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Investing in food

The challenge of feeding more people, sustainably

photo of avocados on the tree
The world’s population is set to increase. 2023 8B, 2030 8.5B, 2050 9.7B

Agriculture—one of the oldest forms of human economic activity—continues to play a critical role in our increasingly urbanized world. It accounts for about 4% of global gross domestic product, the World Bank says, and an even bigger share in some economies. Agricultural transformation—advances in farming practices and yields—is a critical step to economic development and wider prosperity for many countries.

As a rapidly changing climate tests farmers across the globe, they’re being called upon to feed more people with fewer resources. In less than 30 years, the global population is expected to increase by almost 2 billion. Meanwhile, the amount of land available to expand agriculture has peaked, according to an analysis of three global land studies from Our World in Data.

Meeting this challenge will require the effort of many, from farmers and food processors to governments and consumers. Investors can play a significant role, too, by deploying capital at scale to support sustainability, efficiency, and innovation in the sector.

In this report, we highlight targeted investments to support agriculture, along with profiles of some of the investments Ontario Teachers’ has made in the space. But first, here’s a look at how investment in agriculture is increasing as the sector faces four big headwinds.

The (oldest) new asset class

Institutional investors are deploying more capital in key farming regions from Australia to the Americas to Europe. In the U.S. alone, the number of farm properties owned by large institutional investors has more than tripled in 15 years, according to an index that tracks farmland investment.

Agricultural assets offer diversification and inflation protection. Food-product sales provide regular returns, and food prices tend to increase in an inflationary environment. Farmland also holds the potential of significant long-term capital appreciation. It’s a finite resource, and efforts to preserve biodiversity and limit deforestation will make it scarcer. While government restrictions on foreign ownership of farmland pose an issue in some markets, global agriculture is an increasingly attractive investment.


Compound annual growth of global farmland values over 20 years

*Based on average value of crop or arable land in US$ per hectare in 15 countries

Source: Savills

Agriculture is evolving to adapt to 4 big challenges

  • hand with dollar sign
    Climate change
    Droughts, wildfires, flooding, and other extreme weather events are increasing as the climate changes. These events are set to occur with greater magnitude and more frequency, the United Nations’ Intergovernmental Panel on Climate Change predicts. Extreme weather is a major threat in the form of lost crops and livestock. Farmers are adopting measures to help mitigate the impact of extreme weather. They include introducing more climate-resilient crops and relying on precision farming tools to determine when to irrigate plants.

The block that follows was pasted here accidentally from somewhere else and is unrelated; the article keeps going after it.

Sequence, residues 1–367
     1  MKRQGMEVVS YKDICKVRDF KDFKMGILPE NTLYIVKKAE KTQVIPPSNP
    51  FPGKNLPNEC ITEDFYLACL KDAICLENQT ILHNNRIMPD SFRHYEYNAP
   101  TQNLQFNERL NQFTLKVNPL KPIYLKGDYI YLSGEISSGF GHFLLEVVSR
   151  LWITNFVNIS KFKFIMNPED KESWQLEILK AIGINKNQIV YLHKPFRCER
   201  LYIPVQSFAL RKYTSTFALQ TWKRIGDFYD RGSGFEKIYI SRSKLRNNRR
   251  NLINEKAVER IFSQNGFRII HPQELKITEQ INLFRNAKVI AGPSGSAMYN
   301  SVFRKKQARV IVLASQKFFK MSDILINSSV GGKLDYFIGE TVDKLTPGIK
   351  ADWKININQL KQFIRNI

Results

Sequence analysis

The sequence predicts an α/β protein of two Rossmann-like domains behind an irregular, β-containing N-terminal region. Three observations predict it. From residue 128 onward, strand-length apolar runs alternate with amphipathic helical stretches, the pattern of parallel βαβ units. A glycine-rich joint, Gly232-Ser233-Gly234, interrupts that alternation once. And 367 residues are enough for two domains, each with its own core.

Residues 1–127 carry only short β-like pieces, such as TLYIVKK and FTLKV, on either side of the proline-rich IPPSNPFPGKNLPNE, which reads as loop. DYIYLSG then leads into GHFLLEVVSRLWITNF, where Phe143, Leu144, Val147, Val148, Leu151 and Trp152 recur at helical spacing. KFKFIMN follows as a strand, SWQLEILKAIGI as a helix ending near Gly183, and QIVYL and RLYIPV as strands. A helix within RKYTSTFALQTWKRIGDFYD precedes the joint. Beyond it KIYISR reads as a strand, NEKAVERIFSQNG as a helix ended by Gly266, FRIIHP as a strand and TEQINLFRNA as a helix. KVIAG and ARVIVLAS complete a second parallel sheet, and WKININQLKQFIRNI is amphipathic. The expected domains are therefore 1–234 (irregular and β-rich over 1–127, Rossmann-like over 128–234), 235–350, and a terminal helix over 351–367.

• dollar sign
    Sustainability pressures
    Farmers are under enormous pressure to reduce their environmental impact. Agricultural production contributes 11% of global greenhouse gas emissions, according to the Center for Climate and Energy Solutions. Agriculture also places high demands on freshwater resources and is a major cause of biodiversity loss. To improve their sustainability, farmers are turning to regenerative farming practices such as cover cropping, which reduces soil erosion and nutrient runoff while boosting soil moisture. Some are participating in carbon credit markets—essentially programs that pay them to sequester more carbon in the soil.
  • exclamation mark
    Labour challenges
    Labour challenges are prevalent across agriculture, as the sector grapples with a shrinking workforce, managing temporary (often migrant) workers, and a requirement to develop new skills essential to modern farming. What’s more, many farmers are aging. In Canada and the U.S., the average age of a farm operator is over 55; in Japan it’s a decade older. The sector is turning to automation and other technologies to fill labour gaps. It also continues to invest in skills development to expand the capabilities of workers.
  • exclamation mark
    Economic constraints
    Farmers occupy part of a vast food value chain that includes agricultural input suppliers, commodity traders, food processors, and food retailers. They’re sometimes described as price-takers due to their relative lack of control over their own costs and the price that agricultural commodities fetch. In recent years, due to the pandemic and geopolitical conflict, farmers have been hit hard by supply-chain constraints and rising costs for inputs like fertilizer and diesel fuel. Some farmers are turning to alternative soil nutrients or investing in more energy-efficient machinery. But lowering usage of fertilizer or fuel is often not an option.

Ontario Teachers’ has built a robust and diversified portfolio of about 130,000 acres of farmland around the world, with a focus on assets that are more likely to be resilient in a changing climate. These assets offer strong inflation protection and therefore will help us pay pensions over the long term. We’re working to improve the sustainability and returns associated with this growing portfolio.

Christopher Metrakos
Senior Managing Director, Natural Resources, Ontario Teachers’ Pension Plan
Portrait photo of Christopher Metrakos

Four ways in which investment can support agriculture

Ensuring the world produces enough healthy food—in a sustainable manner—will require changes in how we grow and harvest, transport, process and consume food. Success will require efforts from government, industry, and people. Investors can play a part by making targeted investments to support sustainable food production. Here, we highlight four strategies: investing in innovation, investing in regenerative agriculture, investing in healthy foods, and investing in people.

1. Investing in agricultural innovation